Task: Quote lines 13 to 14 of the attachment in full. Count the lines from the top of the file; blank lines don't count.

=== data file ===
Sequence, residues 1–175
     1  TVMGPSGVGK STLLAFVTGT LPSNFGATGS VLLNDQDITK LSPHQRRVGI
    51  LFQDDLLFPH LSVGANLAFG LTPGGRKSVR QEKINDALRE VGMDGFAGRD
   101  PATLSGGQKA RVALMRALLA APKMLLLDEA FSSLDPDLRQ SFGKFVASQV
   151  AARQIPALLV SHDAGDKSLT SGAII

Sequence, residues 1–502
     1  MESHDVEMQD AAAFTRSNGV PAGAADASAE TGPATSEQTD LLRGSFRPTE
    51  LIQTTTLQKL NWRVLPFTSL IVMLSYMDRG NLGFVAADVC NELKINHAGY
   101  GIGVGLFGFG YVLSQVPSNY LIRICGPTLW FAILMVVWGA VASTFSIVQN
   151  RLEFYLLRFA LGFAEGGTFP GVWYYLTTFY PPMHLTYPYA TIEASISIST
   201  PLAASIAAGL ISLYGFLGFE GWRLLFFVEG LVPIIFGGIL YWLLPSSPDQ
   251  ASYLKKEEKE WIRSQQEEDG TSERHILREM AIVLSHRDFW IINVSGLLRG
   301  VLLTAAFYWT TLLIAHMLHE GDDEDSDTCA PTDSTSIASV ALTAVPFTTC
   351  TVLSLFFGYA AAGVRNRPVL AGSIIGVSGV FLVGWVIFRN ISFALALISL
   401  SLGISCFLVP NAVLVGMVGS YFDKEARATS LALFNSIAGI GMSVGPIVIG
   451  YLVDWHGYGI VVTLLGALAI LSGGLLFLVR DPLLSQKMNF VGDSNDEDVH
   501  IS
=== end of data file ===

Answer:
   301  VLLTAAFYWT TLLIAHMLHE GDDEDSDTCA PTDSTSIASV ALTAVPFTTC
   351  TVLSLFFGYA AAGVRNRPVL AGSIIGVSGV FLVGWVIFRN ISFALALISL